The key to successful online teaching

If you’re an online teacher, you probably were forced into online teaching. That’s how many people get into distance learning: There’s a need, you’re here, you start tomorrow.

That’s basically how I got started teaching at a distance about 30 years ago. I’ll tell you about that another day.

Today, I’d like to tell you the one thing you absolutely must do when you teach online. teacher presenting to class

You must teach your students how to learn your subject.

Please read that last sentence again slowly. This concept is critically important.

Teaching students how to learn your subject is different than teaching them your subject matter. Online classrooms aren’t good places for delivering the drill necessary to get most students to do well on bubble tests. (Offline classrooms aren’t either, but they have the advantage of more time for drill.)

In online settings, your live presentations (or your prepared and posted ones if you’re teaching an asynchronous course) must focus students’ attention on how to go about learning what they must learn.

Even in classroom settings, you cannot expect your presentations to teach everything students must learn. Online teaching requires even more selectivity. Your distance learning presentations must focus on teaching the terms, facts, patterns, and strategies that are required for learning your subject. Most of students’ learning will need to occur after your presentations.

All subjects aren’t learned the same way. Students don’t learn algebra the way they learn history.  So, in addition to teaching that relatively small core of essential terms, facts, patterns, and strategies, you must craft appropriate activities that enable  students to learn to apply those patterns and strategies on their own after your presentation.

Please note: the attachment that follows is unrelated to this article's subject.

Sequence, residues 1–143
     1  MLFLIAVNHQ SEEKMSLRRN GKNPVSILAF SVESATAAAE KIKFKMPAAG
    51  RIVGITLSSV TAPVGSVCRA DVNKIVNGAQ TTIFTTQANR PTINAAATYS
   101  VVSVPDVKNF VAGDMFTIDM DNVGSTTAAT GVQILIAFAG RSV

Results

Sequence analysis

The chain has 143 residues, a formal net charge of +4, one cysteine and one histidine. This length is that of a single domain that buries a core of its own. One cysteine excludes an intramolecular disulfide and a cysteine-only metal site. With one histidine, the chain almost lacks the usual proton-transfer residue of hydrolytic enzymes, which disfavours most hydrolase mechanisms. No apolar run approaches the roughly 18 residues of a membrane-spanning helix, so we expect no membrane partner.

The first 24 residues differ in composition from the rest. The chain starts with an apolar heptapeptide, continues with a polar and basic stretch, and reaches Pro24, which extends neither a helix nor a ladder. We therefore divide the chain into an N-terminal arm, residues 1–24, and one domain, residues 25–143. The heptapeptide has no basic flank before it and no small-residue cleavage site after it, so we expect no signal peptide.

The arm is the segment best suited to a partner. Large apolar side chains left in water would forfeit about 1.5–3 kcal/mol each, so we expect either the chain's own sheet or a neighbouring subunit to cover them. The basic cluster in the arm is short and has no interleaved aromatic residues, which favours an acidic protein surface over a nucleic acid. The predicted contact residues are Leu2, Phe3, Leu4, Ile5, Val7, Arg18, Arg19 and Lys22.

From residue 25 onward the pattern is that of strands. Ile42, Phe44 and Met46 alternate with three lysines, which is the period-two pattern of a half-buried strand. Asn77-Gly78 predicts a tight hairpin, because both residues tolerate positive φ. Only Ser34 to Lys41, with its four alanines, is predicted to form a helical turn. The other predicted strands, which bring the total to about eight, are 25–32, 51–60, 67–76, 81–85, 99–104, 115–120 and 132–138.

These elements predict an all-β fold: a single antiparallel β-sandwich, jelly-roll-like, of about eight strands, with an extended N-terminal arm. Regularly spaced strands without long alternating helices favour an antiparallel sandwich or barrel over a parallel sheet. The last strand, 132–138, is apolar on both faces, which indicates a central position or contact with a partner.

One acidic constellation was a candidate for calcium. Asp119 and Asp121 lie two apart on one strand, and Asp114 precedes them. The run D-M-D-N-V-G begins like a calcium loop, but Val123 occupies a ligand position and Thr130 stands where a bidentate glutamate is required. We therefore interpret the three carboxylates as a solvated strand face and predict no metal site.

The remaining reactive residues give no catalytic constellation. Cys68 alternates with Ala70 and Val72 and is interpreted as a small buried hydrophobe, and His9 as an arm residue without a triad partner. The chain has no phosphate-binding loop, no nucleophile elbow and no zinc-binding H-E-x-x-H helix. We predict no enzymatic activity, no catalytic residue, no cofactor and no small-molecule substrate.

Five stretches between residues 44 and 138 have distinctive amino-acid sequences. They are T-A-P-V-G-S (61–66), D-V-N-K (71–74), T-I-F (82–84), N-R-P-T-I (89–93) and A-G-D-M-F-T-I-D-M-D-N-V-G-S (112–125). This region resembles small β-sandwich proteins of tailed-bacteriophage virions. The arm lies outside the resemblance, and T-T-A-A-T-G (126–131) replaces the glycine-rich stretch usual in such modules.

If you are an elementary or middle school teacher thrown into online teaching during this pandemic, you have two sets of students instead of one. You have your pupils, of course, but you also have those pupils’ parents. You should try to

  • put the essential terms, facts, patterns, and strategies where parents can access them and
  • make your follow-up activities parent-friendly.

Giving third graders assignments that mom and dad can’t do won’t win you friends at the PTA.

©2020 Linda G. Aragoni

Above all, do no harm

Writing teachers who have worked with me over the years have heard me say many times that above all they should do no harm.

Reading a blog post by leadership and management expert Dan Rockwell recently inspired me to write about four ways writing teachers can do no harm.

#1. Don’t allow nagging issues to persist.

If Morgan and Mahil enter eighth grade unable to tell whether the sentence they wrote calls for its or it’s, that’s not your fault.

If Morgan and Mahil leave eighth grade still unable to tell whether the sentence they wrote calls for its or it’s, that is your fault.

Give students a list of three serious writing mechanics errors they habitually make in their writing in the first month of a school year.

Insist each student master each of those three, serious, habitual errors before the last month of the school year.

(The simple way to insist is to refuse to give a grade higher than a C to any paper that contains one of the student’s habitual errors.)

#2. Don’t  keep changing the objective.

Learning to write an informative/explanatory text is different from learning to write a narrative.

Don’t keep changing the writing objective just because you’re bored with the students’ writing.

#3. Don’t jump in to save the day.

Trial and error is a powerful teaching tool.

Let students make mistakes.

Then ask, “Where’s the first place in the writing process you could have done something different that would have prevented this from happening?”

#4. Don’t penalize mistakes during practice.

Learning to write is a bit like making pie dough: Even when they know the principles, it takes a long time for most folks to get a feel for the thing.

While students are getting a feel for writing, praise what they are doing right: turning in their work on time, not giving up, putting effort into planning, or reducing the number of their serious habitual errors.

What would you add to the list?